James Joyce, the twentieth century's most influential novelist, was born in Dublin on February 2, 1882. After receiving a rigorous Jesuit education, twenty-year-old Joyce renounced his Catholicism and left Dublin in 1902 to spend most of his life as a writer in exile in Paris, Trieste, Rome, and Zurich. His writings include Chamber Music (1907), Dubliners (1914), A Portrait of the Artist as a Young Man (1916), Exiles (1918), Ulysses (1922), Pomes Penyeach (1927), and Finnegan's Wake (1939). Ulysses required seven years to complete and Finnegan's Wake, took seventeen. Both works revolutionized the form, structure, and content of the novel. Joyce died in Zurich in 1941.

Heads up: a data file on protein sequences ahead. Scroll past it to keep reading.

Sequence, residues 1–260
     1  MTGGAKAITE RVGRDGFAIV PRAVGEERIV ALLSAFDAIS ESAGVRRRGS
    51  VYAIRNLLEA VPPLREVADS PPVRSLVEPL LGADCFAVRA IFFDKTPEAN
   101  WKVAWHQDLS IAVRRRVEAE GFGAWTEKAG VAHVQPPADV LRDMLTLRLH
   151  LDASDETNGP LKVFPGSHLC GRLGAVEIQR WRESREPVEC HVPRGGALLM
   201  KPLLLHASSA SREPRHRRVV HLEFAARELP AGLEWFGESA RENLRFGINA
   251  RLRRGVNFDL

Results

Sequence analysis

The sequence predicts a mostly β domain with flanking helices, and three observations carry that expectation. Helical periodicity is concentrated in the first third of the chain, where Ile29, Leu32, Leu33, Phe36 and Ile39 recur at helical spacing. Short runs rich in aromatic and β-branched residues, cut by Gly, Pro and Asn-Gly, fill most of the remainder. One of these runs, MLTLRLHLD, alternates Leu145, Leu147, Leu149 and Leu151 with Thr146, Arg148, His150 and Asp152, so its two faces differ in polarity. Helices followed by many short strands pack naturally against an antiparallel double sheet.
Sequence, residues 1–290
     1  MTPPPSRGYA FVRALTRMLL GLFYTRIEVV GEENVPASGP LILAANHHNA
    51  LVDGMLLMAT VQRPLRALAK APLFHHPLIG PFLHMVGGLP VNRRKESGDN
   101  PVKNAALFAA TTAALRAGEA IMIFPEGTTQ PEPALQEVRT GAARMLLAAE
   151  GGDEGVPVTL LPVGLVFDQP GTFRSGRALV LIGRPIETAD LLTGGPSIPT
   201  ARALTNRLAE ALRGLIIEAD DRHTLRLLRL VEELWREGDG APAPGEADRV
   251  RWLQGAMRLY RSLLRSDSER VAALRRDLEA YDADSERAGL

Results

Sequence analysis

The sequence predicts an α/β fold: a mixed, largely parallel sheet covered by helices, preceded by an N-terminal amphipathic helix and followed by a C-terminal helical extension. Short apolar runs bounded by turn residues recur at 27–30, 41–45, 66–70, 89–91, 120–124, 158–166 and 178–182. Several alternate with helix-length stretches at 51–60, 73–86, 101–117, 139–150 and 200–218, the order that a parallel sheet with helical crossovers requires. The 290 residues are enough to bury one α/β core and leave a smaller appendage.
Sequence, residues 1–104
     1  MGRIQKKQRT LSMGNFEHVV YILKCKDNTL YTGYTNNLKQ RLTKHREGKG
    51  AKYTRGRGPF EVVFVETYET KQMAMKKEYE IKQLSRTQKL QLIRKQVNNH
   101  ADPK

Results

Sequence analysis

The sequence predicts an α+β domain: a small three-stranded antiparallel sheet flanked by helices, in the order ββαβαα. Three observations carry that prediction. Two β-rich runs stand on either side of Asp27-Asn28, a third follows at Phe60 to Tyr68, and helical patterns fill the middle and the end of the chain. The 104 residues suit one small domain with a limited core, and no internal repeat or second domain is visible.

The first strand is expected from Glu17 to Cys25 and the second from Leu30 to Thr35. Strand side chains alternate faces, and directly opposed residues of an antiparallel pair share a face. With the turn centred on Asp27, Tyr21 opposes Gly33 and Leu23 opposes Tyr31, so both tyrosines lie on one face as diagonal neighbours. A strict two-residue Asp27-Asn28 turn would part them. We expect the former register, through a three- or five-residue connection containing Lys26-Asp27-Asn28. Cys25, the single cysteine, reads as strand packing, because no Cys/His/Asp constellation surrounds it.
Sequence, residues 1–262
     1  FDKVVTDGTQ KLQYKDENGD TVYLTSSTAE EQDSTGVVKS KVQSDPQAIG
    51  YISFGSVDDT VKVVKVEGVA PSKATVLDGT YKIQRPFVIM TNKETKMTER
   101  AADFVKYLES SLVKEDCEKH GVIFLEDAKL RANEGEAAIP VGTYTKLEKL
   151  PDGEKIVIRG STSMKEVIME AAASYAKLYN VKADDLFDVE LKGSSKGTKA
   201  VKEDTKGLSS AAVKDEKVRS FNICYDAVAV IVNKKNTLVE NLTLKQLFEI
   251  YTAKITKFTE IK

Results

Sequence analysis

"[The Gabler edition] fixes 5,000 errors . . . involving punctuation, omitted words, phrases, and even entire sentences, an average of seven flaws for every printed page." --The New York Times